Question of the Day: Tensioning Outermost Strings
TENNIS.com gear editor Justin diFeliciantonio and his technical advisers answer your equipment questions each day. Click here to send in a question of your own.
Your recent piece about how to tie stringing knots was helpful, but it left me wondering how to tension final mains and crosses. For example, when pulling the last cross of a one-piece stringing job, right before clamping and tying off the knot, do you advise increasing the reference tension (in order compensate for potential knot-related tension losses)? Or should last strings be pulled at the same tension as all the others?—Bill V.
On this question, Bill, I’ve seen stringers go both ways. Some will pull an extra few pounds of tension on those strings immediately preceding knots—so as to make up for lost tension when that knot is tied and the clamps are released—while others keep the tension consistent with the rest of the stringbed. Often, the stringer’s technique depends on the preference of the player he or she’s stringing for; many players don’t like their outermost mains and/or crosses to move, in which case a stringer will crank up the tension on those strings to keep them in place.
That said, the smartest approach to this question is, most likely, to not pull that extra tension. As the U.S. Racquet Stringing Association argues, with a good deal of persuasion in their Techniques Manual, “[We do] not recommend this procedure because shorter outside mains [and crosses] don’t require as much pull-tension to be as tight as longer, center [ones]…In short, we suggest normal tensions on tie-offs, which may result in some tension loss on the outermost main (or cross). If customers complain about this string being too loose, you can explain that these strings are far away from the racquet’s sweetspot. Also, mis-hits will actually be less jarring if outer mains are not tensioned as high as the center mains. Stringers who are intent on increasing tension on tie-offs should not go higher than 5 pounds above normal tension.”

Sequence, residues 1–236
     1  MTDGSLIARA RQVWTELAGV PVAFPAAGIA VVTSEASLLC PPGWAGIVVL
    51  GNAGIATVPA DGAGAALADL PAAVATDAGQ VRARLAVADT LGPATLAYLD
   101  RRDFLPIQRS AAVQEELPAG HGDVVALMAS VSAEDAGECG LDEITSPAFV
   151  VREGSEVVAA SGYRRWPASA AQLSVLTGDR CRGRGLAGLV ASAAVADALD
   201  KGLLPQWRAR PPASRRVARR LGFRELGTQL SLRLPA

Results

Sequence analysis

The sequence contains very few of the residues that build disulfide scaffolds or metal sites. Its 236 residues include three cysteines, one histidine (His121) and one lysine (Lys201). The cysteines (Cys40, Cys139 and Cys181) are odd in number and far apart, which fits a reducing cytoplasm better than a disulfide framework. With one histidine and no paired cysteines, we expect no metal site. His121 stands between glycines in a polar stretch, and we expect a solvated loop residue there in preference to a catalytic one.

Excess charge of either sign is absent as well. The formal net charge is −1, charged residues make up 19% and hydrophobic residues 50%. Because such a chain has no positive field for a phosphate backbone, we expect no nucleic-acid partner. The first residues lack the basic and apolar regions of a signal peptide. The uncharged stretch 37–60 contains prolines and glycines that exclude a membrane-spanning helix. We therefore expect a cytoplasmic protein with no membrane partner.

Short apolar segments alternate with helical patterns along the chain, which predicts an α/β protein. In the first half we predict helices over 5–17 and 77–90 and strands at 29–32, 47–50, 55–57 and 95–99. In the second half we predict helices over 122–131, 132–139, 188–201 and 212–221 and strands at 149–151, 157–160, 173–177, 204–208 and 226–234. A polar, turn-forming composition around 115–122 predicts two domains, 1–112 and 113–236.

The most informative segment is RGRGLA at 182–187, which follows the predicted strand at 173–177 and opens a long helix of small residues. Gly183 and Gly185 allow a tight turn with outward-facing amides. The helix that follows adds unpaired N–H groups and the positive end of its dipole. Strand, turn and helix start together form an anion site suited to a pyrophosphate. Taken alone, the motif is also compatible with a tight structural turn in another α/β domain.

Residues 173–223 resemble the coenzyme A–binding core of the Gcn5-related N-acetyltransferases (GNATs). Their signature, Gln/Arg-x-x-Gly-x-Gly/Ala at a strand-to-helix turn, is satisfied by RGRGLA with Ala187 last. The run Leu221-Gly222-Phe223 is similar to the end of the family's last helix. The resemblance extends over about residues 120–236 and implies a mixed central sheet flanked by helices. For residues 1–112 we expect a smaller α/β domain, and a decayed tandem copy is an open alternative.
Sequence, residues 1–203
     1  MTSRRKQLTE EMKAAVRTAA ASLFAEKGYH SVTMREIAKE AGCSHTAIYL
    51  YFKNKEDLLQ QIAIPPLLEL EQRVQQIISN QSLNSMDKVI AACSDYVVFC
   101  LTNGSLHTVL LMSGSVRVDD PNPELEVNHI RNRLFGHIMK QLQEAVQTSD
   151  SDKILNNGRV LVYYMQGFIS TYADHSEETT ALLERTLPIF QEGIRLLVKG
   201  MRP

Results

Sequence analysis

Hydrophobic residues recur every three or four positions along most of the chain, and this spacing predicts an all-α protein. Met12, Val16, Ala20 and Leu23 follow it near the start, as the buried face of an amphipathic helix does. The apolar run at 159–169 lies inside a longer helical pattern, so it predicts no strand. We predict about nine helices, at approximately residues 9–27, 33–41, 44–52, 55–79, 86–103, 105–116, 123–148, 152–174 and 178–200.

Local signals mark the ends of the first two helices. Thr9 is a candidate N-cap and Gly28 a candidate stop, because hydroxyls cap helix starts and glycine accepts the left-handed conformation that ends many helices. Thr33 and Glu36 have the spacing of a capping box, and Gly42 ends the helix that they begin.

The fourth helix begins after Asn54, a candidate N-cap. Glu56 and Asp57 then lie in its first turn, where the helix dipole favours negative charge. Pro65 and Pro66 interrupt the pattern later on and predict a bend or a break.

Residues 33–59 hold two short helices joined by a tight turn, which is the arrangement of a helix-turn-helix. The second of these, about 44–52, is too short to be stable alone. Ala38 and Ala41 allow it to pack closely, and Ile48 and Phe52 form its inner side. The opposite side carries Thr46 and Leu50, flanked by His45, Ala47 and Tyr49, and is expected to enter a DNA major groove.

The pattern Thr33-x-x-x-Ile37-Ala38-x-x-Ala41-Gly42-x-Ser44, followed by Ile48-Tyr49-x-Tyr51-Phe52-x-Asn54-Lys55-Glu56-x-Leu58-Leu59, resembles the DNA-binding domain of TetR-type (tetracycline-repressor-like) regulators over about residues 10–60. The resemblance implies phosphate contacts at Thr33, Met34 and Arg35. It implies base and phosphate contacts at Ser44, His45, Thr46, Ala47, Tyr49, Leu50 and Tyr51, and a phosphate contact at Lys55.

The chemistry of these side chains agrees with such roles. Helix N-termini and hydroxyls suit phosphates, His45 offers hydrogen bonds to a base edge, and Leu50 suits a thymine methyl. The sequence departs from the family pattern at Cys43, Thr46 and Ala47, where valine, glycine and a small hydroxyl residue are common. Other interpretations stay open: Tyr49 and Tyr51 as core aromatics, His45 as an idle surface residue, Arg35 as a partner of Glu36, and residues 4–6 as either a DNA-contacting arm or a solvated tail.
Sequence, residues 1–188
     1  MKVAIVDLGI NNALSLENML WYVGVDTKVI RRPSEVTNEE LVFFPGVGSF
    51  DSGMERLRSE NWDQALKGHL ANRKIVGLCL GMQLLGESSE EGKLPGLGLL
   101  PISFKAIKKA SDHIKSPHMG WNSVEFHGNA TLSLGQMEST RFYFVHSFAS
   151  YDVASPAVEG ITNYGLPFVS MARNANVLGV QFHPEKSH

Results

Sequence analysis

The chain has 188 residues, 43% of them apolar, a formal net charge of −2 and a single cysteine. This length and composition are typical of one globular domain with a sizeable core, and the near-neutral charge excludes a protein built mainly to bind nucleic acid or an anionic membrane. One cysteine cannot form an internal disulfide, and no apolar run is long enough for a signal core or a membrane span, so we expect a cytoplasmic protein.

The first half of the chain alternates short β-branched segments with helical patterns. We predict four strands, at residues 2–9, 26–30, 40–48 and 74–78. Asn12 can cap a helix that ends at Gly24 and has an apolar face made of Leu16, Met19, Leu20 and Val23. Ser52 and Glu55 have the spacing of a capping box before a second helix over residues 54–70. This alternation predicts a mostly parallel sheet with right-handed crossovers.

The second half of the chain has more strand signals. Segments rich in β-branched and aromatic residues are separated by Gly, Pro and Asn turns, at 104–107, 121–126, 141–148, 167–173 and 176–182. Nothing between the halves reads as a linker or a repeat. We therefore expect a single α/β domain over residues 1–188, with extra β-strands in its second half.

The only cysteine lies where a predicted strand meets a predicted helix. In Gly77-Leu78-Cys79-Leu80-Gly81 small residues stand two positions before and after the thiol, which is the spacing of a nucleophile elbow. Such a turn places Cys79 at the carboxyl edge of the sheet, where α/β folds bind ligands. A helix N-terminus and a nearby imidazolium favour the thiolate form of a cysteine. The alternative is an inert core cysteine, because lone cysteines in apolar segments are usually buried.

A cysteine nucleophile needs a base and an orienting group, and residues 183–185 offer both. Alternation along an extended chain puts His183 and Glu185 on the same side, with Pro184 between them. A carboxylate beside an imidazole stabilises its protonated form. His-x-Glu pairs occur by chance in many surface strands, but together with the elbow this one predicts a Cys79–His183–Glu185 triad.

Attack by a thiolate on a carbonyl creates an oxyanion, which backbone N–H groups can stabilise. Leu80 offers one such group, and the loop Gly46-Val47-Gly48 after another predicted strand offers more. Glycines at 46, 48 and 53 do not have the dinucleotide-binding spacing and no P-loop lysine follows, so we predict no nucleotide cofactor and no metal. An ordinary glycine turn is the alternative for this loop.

In my opinion, it’s this last bit—on the positive correlation between high tensions and jarring mishits—that’s the most compelling reason not to overtighten outside strings. So keep your tension in a normal (i.e., consistently low) range. The next time you frame a shot, your arm will thank you.